Politics of Hate


Today I saw a photograph in the Daily Mail which portrayed Jeremy Corbyn, Angela Eagle, John McDonnell and the ever fragrant, Dianne Abbott all sitting on the Opposition Front Bench in the House of Commons.
At first I thought that their collective expression was one of dismissal. They didn’t want to be there and they certainly were not interested in anything that the Tories had to say. Then I looked again and I realised that the looks on their faces was a look of hatred. Hatred for the House, hatred for the government and hatred for their own MP’s who, in a show of utter contempt for their new leader, had remained seated and silent when Corbyn and his three cohorts entered the Chamber.
Abbott is well known for her politics of hate, anyone who has blue eyes, blonde hair and is slightly lighter skinned than the Milky Bar Kid is fair game as far as this bigot is concerned. But, her aside, given that Corbyn is an intelligent man I have to ask why he has chosen this destructive path? The real casualties in this kind of politics are the general public as was proved during the 1970’s and early 1980’s. Even the propagators of this foolhardy practice rarely win.
The Unions were particularly hard hit when their disruptive actions against the Tory governments of Margaret Thatcher were brutally put down. So too the Labour Party. They were in so much disarray that it took nearly 28 years for them to get back into Office.

However, as I stated, it was the general public who really suffered because of this war of hatred between the political Parties. Interest rates rose to heady heights causing many people to forfeit on their mortgages. Social housing was at an all-time low because so much stock had been sold to sitting tenants. Don’t get me wrong, I am all for home ownership but if the government is going to give the option to buy it should at least ensure that for every Council House sold another is being built.
Closure of coal mines pitted community against community, brother against brother and, in some cases, father against son. The Labour Opposition were reduced to bystanders in the HoC as the Tory majority were free to do almost anything they wanted.
The problem is, hatred breeds hatred. Pretty soon it was not only the Opposition who hated Margaret Thatcher but some in her own Party too and it was to be her downfall. The die, however, had been cast. The Tory hatred of the unions saw them decimated, instead of putting members first, both parties fought it out with Thatcher being the eventual winner. The spoils of war however are always tainted and Thatchers victory saw her eventual fall from grace and a loss of respect from a lot of the people who had voted for her. The unions faired even worse, which was a shame in some respects, with the almost total extinction of the Coal Miners Union (NUM).
Without strong union backing, workers began to lose some of their hard fought for rights. Factory closures doubled then tripled as there was no union there to fight the closure. Unemployment was on the rise, the economy began to suffer and the ripples went all the way up to the Treasury.

Fast forward thirty or so years and we find that neither side have really learned anything. The sneering politics of the Miliband Opposition era has given way to the hatred and contempt now shown by the new Labour leadership and the unions. It will get them nowhere and lead to hardship for the millions of people in this country who are already struggling under the yoke of forced austerity. Wether you agree or not with the way this Tory government is tackling the economy you cannot argue against the fact that it was Labour who caused the problem in the first place.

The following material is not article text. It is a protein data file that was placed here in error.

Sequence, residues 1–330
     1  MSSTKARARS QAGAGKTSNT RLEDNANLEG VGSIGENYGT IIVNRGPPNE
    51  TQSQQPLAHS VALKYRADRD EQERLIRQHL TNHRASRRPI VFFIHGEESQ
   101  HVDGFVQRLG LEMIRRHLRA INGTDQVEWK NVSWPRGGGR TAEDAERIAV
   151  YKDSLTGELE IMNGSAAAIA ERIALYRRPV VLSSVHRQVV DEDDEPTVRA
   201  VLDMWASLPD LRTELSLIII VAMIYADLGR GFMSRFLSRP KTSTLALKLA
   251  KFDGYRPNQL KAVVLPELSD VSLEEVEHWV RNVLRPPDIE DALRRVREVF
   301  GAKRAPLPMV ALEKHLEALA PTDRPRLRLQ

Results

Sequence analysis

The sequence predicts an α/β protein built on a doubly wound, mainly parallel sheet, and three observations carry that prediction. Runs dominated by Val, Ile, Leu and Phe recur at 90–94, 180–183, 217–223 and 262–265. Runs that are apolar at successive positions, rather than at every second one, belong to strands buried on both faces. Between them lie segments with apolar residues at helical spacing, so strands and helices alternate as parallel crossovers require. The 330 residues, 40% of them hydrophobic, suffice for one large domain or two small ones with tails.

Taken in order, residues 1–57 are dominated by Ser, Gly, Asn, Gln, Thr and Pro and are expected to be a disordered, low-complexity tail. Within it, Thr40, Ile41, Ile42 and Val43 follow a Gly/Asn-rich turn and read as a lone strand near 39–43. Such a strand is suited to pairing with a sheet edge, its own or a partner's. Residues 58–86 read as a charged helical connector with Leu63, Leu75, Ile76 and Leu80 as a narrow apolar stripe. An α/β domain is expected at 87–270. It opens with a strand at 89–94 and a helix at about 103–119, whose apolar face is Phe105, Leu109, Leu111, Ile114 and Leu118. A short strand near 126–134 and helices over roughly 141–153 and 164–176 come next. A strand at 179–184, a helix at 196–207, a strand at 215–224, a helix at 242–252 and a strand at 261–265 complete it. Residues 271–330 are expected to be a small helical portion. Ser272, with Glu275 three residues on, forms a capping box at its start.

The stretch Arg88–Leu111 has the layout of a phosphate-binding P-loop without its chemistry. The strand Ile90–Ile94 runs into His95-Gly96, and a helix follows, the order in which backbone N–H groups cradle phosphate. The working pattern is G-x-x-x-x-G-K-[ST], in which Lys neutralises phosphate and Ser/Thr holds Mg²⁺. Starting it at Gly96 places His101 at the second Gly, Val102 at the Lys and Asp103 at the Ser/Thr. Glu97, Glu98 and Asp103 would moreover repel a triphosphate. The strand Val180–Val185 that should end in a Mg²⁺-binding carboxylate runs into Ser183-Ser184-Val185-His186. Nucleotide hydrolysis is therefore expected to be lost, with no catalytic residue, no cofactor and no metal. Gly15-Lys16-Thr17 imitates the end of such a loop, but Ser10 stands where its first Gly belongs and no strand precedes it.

As I have demonstrated there, it is so easy to place blame but, this leads to resentment and resentment, if not acted upon, soon leads to hatred. Again, if you look back through history you will find that the likes of Lenin and Stalin were both blinded by hate and this led to the deaths of millions of their fellow citizens.
Exactly the same can be said of Adolf Hitler, his hatred of the Jews, who he blamed for all of the ills of the German Republic, anyone not perfect, anyone not Ayrian or, anyone who disagreed with him, led to the deaths of millions of innocent people within a space of five short years.
I’m not suggesting for one minute that Jeremy Corbyn is of that ilk but my point is, unchecked politics of hate can quickly escalate into something really dark and ugly and the result is always that innocent people suffer.

With this in mind I would hope that we are now entering a period of change. A period whereby politicians of all Parties see the need for good, honest debate and compromise. My fear is that arrogance will hold sway on one side whilst hate and indifference will prevail on the other.
The only way to stop the pendulum swinging too far to the Left or too far to the Right is for all Parties to sit down and talk. The underlying thought in all of their minds as they are doing this should be for the people who were gracious enough to take time out to vote for them and not for their own self esteem.
Corbyn’s motley crew of inexperienced Front Benchers have an unenviable task in front of them. First they have to convince themselves that they are up to the task of being Her Majesty’s Opposition. They then have to convince their Labour Party Comrades, many of whom are feeling particularly bruised. Last, but not least, they have to convince the public that they are a worthy Opposition to the Tory Front Bench.


One thought on “Politics of Hate

  1. Darren Scanlon September 17, 2015 / 3:55 pm

    A great piece as usual, my friend. Sadly I don’t think we will ever see politicians talking creatively together and certainly not for the benefit of the voting public. We can but live in hope…


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